Computing Joint Action Costs: Co-Actors Minimize the Aggregate Individual Costs in an Action Sequence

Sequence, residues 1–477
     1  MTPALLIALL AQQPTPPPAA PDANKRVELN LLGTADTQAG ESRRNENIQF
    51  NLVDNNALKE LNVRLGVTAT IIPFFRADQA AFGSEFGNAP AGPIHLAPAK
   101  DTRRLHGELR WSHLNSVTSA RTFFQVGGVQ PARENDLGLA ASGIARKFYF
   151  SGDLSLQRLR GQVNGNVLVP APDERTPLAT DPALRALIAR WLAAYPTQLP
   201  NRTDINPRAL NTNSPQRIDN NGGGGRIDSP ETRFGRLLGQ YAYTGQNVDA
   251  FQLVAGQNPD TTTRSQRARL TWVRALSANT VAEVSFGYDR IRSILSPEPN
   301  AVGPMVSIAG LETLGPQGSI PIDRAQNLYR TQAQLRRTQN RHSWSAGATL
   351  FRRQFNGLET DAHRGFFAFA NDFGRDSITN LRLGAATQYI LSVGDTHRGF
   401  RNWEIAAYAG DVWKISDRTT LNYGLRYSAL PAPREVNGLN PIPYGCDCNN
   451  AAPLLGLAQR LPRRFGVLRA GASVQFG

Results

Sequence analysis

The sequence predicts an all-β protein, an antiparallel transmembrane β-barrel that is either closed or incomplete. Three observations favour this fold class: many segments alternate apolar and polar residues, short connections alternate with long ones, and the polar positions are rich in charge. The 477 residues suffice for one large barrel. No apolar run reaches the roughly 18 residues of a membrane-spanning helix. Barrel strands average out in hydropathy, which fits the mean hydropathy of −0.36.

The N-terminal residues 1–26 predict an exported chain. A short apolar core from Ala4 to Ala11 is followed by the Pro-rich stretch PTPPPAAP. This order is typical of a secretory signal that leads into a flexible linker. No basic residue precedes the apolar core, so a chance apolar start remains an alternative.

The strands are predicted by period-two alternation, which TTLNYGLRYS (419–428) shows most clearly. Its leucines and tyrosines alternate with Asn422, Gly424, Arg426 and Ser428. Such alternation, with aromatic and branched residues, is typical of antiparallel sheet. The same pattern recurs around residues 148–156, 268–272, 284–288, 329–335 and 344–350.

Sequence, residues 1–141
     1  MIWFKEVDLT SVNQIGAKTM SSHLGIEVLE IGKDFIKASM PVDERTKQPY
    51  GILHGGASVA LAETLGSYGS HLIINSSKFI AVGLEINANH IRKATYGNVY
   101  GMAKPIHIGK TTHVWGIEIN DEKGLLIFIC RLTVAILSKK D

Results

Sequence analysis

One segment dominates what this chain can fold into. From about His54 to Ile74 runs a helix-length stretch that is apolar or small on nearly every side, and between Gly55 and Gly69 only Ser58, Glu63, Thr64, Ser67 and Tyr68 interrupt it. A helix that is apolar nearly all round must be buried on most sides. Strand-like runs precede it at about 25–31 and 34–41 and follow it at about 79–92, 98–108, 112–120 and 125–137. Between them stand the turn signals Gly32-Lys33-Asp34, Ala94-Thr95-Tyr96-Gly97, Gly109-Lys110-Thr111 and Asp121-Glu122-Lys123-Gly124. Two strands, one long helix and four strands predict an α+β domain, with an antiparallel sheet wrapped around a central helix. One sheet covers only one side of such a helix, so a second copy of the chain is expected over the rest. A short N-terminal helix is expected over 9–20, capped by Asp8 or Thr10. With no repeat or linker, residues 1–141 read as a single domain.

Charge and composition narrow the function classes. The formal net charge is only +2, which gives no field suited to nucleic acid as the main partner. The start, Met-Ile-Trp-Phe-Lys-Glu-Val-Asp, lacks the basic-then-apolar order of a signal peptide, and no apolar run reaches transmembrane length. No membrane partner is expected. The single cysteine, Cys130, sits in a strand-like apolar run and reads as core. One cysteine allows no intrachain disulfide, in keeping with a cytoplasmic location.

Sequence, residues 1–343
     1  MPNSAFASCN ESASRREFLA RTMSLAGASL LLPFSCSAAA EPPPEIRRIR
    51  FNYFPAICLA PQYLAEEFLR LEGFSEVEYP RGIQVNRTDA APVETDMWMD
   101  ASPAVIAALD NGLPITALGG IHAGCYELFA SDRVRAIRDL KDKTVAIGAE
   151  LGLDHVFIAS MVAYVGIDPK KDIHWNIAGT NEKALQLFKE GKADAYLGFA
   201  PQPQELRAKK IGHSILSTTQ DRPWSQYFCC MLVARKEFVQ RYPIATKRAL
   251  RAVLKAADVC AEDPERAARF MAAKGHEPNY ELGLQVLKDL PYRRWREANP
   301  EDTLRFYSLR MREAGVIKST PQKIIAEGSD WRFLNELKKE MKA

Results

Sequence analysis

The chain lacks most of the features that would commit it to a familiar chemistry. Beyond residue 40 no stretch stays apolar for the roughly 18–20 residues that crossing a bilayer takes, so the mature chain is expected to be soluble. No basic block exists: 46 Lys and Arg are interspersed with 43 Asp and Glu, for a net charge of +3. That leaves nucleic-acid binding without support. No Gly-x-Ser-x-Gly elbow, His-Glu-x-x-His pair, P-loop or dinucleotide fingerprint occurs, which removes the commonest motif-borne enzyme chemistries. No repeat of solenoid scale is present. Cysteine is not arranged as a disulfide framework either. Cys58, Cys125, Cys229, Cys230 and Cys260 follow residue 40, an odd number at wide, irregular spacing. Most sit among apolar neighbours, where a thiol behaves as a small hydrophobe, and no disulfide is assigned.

Successful performance in cooperative activities relies on efficient task distribution between co-actors. Previous research found that people often forgo individual efficiency in favor of co-efficiency (i.e., joint-cost minimization) when planning a joint action. The present study investigated the cost computations underlying co-efficient decisions. We report a series of experiments that tested the hypothesis that people compute the joint costs of a cooperative action sequence by summing the individual action costs of their co-actor and themselves. We independently manipulated the parameters quantifying individual and joint action costs and tested their effects on decision making by fitting and comparing Bayesian logistic regression models. Our hypothesis was confirmed: people weighed their own and their partner’s costs similarly to estimate the joint action costs as the sum of the two individual parameters. Participants minimized the aggregate cost to ensure co-efficiency. The results provide empirical support for behavioral economics and computational approaches that formalize cooperation as joint utility maximization based on a weighted sum of individual action costs.